Me and my girl and boy, raising awareness and acceptance of autism

It seems to.

A special needs buggy – Maclaren Major Elite – designed to hold a child up to age 10 or so. Is it the fact that it doesn’t look like a wheechair? Or again, that this particular disability that cannot be seen.

I receive so many comments when pushing D in her buggy. They range from other children on the school run (who don’t know her) calling her “a big baby”, elderly customers in the supermarket or walking past us on the pavement saying “isn’t she too big for that” and “shouldn’t she be walking?”.

So, although I know they’re never going to read this:

YES, D can walk but she’s scared of unfamilar places, strange sounds and people coming past her quickly scare her. It’s called Autism. The buggy is the place where she feels safe, it’s her “sanctuary”, her “comfort zone”. NO, she is not being lazy. Would you rather she was bolting everywhere without thought for her safety?

Would these people make those comments if she were in a wheelchair?

Again, it’s lack of awareness. I have thought about a badge or something similar for her…but would these people actually take the time to read it and if they did, would they understand?

Maybe I should carry a supply of leaflets and hand them out whenever this happens….

This is the “offending” buggy – Maclaren Major Elite Special Needs buggy – up to about age 10, although she’s on the lower level at age 7.

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Comments on: "Does this buggy cause offence….?" (8)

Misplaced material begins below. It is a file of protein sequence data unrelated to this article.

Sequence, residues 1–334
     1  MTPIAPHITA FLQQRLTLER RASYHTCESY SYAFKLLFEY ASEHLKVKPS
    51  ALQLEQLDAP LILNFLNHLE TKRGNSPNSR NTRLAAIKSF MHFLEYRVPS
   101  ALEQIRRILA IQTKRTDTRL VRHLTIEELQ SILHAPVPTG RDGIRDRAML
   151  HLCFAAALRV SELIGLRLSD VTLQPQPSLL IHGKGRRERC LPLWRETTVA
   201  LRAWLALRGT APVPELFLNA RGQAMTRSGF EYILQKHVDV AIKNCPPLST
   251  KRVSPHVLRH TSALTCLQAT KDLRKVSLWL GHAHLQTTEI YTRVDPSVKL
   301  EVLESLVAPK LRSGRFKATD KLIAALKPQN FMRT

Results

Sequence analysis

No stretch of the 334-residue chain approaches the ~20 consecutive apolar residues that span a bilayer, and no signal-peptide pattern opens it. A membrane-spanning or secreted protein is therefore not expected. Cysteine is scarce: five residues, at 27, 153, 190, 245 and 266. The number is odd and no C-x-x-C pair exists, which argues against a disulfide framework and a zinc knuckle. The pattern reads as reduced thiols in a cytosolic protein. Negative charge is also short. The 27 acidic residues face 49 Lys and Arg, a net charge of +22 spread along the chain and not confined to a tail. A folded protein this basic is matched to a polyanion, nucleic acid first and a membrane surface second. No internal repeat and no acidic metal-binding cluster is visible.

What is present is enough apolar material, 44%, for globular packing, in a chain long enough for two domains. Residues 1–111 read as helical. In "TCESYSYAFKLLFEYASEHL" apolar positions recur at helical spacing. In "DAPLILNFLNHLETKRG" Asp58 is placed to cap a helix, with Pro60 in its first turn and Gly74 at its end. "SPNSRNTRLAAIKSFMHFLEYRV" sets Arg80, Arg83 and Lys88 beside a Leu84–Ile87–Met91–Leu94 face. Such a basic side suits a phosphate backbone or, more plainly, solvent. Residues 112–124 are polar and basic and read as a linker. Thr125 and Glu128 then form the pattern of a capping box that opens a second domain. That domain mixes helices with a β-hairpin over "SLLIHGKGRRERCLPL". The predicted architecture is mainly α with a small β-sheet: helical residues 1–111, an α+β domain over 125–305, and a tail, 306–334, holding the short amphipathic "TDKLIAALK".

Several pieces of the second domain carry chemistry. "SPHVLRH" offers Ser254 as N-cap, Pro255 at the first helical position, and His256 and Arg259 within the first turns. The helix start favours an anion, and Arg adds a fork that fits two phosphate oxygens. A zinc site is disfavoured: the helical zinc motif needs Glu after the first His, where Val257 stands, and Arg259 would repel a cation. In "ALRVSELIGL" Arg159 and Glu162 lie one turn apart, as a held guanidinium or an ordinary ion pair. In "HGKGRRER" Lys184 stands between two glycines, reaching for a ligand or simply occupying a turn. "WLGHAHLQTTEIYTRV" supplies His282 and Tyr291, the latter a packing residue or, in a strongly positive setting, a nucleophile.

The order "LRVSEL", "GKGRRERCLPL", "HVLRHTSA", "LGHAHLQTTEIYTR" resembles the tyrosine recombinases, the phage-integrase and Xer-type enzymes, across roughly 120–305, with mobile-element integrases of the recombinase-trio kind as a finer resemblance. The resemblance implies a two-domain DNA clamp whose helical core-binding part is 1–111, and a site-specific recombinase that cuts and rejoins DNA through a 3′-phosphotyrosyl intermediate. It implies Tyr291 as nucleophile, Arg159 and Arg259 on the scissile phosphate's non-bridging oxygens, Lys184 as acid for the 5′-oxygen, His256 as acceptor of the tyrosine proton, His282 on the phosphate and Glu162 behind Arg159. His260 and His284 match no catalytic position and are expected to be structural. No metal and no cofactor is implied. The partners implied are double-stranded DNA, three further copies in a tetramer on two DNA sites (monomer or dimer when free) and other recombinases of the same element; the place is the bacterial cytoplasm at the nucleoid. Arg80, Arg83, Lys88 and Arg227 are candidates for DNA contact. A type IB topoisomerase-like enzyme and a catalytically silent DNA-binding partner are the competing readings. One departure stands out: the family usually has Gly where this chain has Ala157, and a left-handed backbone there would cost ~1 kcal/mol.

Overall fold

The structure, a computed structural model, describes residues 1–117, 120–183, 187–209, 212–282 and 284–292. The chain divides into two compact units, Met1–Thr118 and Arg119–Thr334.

1. My autistic son *lived* in his buggy for the first 4 years. I heard strangers advise me I was making him lazy. You just do the best you can for your kid. Keep up the good work.

  2. my son has an angel mark on his forehead which was really prominent when he was young, total strangers believe they are well within their rights to wander over and tell you exactly where you are going wrong – oh how wonderful their perfect lives must be!!
    We are both venting a little about the opinions of others today x

  3. The Autism Society has wallet cards for purchase that you can hand out. My son was in a stroller for a long time and people (usually elderly folks) often made comments. At first it angered me. Then I was too tired to be angry.

  4. […] Bluecrisps, a fellow parent to a child with autism wrote the post, “Does this buggy cause offence” when speaking how our societies ignorance get going when she takes here daughter out and about […]

  5. My son (who lives well with Down’s Syndrome and autistic spectrum) became too big for his ‘special’ buggy. Took the decision to buy what can only be described as a traditional wheelchair for use as a base and sanctuary when safety is an issue. I found it unnerving taking him out in it.
    My take on all of this is that fundamentally other people’s curiosity and lack of awareness isn’t my problem. If I have the time/energy/inclination I will engage in a little explanatory convo but my son is my priority. I have said ‘if you have to stare, please smile while you are doing it’. The thing that gets me is the over-the-top sympathy which I have no use for. When I am out without my son, the way I interact with other parents that I may come across with a disabled child is to say hello and offer practical help (like holding doors open for them).
    It’s good to read your post – you are not alone – and I’m afraid once your daughter moves on to a ‘proper’ wheelchair those annoyed people may then look on with pity. That’s really crushing!
    It’s a good thing thick skin eventually deflects. Thick skin, compassionate heart, and a brain full of awareness many never get to experience x

  6. […] at the buggy..honestly, you’d think I had ET sitting in a SN buggy rather than my lovely D “Does this buggy cause offence” <– a post I wrote in February still very much […]

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